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The Real Reasons Women Have a Hard Time Losing Weight
- Updated: August 17, 2014
Throughout history, women have had a much more difficult time losing weight than men. Unfortunately, it seems that most women stay the same size or drop just a few pounds when following the same diet plan as men who lose a significant amount of weight. No matter the diet or amount of exercise, weight loss for women continues to be a serious and frustrating challenge.
There are actually a number of viable reasons this happens. For example, there are unique differences between women and men from a biological and behavioral standpoint. Even though it seems men have it easier, women need to know that with dedication, determination, and a few struggles along the way, it is possible to reach a healthy weight goal.
The good news – researchers are now finding more information about differences in how women versus men lose weight. As such, this serves as inspiration but also anticipation that in the near future better weight loss programs will be developed and actually tailored to be more effective.
According to a MayGallup poll, more than 33% of Americans are obese, which does not include those in the “overweight category”. Unfortunately, the obesity epidemic has continued to worsen over the years, and as a result, grabbed increased attention of top scientists, researchers, and medical professionals, all working hard to find a workable solution.
For decades, people have been taught the best way to lose weight is to burn off more calories than consumed. While that advice is still good, experts now believe weight loss, especially for women, is far more complicated. For instance, one of the first things to consider is exercise and nutrition. By nature, men have more muscle mass than women do and since muscle burns more calories than it does fat, men typically have a metabolism between 3% and 10% faster than women.
According to a top nutritionist and certified personal trainer, the difference in weight loss between the two genders is exacerbated in the gym. For instance, women often use heavy weights and focus on cardio fitness as a way to create bulk whereas men use heavy weights to increase both muscle composition and metabolic rate.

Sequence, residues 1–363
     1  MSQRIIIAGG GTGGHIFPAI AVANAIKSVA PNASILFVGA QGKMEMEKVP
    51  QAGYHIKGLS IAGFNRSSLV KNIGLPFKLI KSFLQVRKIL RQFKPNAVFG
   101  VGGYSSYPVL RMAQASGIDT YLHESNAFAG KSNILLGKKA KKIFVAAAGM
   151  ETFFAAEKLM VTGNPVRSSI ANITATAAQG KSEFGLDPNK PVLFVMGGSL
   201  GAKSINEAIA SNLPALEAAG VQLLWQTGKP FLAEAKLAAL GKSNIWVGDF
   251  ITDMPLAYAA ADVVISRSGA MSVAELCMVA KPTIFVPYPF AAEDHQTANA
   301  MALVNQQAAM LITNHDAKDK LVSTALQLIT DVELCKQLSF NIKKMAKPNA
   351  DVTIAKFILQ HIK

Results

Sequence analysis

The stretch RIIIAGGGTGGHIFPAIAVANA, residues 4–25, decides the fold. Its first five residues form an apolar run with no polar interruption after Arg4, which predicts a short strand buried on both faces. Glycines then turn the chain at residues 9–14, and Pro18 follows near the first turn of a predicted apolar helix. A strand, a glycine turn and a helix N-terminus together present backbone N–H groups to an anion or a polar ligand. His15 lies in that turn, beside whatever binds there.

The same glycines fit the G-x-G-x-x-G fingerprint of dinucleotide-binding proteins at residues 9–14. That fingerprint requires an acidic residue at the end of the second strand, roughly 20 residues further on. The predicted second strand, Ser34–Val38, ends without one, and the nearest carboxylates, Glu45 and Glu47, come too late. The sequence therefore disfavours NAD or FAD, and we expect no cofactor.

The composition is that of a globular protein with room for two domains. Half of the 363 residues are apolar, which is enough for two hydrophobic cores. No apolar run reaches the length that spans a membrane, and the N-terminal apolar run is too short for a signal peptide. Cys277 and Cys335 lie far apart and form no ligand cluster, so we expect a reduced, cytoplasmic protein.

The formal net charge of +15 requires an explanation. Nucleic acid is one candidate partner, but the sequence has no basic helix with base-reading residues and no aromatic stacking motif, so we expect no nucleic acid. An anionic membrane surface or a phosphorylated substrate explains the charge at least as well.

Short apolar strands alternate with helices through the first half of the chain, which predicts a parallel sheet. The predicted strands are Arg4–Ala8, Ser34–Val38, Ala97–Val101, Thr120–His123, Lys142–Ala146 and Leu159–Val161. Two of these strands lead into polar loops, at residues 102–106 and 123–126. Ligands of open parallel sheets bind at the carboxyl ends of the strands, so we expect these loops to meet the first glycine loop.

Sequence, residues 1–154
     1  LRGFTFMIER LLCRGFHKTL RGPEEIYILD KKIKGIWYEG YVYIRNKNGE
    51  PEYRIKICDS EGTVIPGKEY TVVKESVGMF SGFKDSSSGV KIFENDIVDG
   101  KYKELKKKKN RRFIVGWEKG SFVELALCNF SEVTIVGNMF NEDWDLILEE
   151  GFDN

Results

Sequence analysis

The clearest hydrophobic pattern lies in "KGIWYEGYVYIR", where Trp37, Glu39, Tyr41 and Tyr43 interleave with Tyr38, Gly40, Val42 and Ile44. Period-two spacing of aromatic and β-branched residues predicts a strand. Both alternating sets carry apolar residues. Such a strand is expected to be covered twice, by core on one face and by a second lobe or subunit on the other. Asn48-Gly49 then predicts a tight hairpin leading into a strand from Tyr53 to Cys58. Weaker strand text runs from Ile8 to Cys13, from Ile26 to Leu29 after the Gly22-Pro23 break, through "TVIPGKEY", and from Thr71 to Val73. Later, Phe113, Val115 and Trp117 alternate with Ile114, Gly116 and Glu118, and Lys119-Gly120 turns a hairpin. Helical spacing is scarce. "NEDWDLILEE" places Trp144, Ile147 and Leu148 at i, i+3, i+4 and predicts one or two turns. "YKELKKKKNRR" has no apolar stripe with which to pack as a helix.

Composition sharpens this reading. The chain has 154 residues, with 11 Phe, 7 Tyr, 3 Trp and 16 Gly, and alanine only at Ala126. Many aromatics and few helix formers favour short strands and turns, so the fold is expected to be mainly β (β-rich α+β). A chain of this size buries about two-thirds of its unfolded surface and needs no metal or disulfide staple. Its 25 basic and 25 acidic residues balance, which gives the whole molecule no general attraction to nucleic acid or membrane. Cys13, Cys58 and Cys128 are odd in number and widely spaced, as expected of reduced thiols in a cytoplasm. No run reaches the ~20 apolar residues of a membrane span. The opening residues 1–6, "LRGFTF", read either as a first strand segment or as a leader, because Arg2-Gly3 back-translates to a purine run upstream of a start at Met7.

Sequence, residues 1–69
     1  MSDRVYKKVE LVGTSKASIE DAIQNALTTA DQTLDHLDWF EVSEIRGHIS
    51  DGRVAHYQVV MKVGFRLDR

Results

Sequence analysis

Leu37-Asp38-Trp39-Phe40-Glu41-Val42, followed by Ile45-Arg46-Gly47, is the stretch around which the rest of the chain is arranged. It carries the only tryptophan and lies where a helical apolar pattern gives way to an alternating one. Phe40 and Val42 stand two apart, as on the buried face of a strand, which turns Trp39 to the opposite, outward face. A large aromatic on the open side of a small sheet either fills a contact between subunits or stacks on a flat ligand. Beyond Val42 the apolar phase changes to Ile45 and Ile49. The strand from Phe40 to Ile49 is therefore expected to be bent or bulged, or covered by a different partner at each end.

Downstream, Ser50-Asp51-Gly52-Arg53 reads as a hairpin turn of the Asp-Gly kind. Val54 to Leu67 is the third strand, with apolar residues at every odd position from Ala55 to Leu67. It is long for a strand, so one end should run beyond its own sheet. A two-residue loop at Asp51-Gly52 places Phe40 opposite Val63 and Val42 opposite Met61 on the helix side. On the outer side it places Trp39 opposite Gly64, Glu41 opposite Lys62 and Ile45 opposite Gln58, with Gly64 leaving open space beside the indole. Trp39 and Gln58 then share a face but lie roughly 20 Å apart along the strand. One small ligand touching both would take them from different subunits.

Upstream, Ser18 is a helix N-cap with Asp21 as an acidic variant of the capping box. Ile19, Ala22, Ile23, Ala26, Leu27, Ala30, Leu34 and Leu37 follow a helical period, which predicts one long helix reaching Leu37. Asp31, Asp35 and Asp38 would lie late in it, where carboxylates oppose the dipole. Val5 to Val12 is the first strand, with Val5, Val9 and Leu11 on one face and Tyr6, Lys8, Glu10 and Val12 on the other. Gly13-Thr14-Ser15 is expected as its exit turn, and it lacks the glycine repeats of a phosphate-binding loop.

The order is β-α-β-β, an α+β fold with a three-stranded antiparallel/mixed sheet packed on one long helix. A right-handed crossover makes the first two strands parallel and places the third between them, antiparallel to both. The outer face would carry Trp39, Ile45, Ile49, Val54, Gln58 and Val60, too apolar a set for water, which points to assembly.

As far as food, there is evidence that the wiring of the brain is unique for women and men. A 2009 publication in the Proceedings of the National Academy of Sciences magazine covered information gathered in studies that showed increased activity in the region of the brain responsible for controlling the drive to eat in women. Even if not hungry, the women studied still had higher activity levels after observing, smelling, and tasting foods like chocolate cake and pizza.
Another aspect of women struggling to lose weight is biochemistry. According to a 2009 study in the American Journal of Physiology-Regulatory, Integral, and Comparable Physiology, women have two distinct hormones – Ghrelin, which tells the brain the body is hungry after working out, and Leptin, which signals an “I’m full” reaction. In women, these two hormones fluctuate, thereby creating risk for weight gain, whereas in men, they do not.
If women do not consume adequate calories, reproduction hormones and ovulation become suppressed. For this reason, some researchers believe the ups and downs of Ghrelin and Leptin are simply the body’s natural way of fighting deficits in energy as a means of preserving fertility. Of course, there is more involved in the fight against weight well beyond biology to include behavior and emotion, things that impact women very differently than men.
Something else to consider is the way emotions dictate women’s weight. As an example, when women start a new love relationship, they often begin eating more, which ultimately leads to weight gain. On the other hand, when going through a breakup or divorce, women usually eat less, thereby experiencing weight loss.
To better understand differences in weight for women versus men, it is important to look at the various driving forces. The American Journal of Clinical Nutrition published a study in 2013 that had determined women are more typically emotional eaters than men. Interestingly, emotional eaters usually grab “feel good” foods to include those high in salt, sugar, and fat, which signal the reward region of the brain. Obviously, these types of foods are notorious for causing weight gain.
As shown, there are differences in how women and men eat but also how they gain weight. Burning more calories than consumed is always a good rule of thumb when wanting to drop unwanted pounds but all of the other things mentioned should also be considered.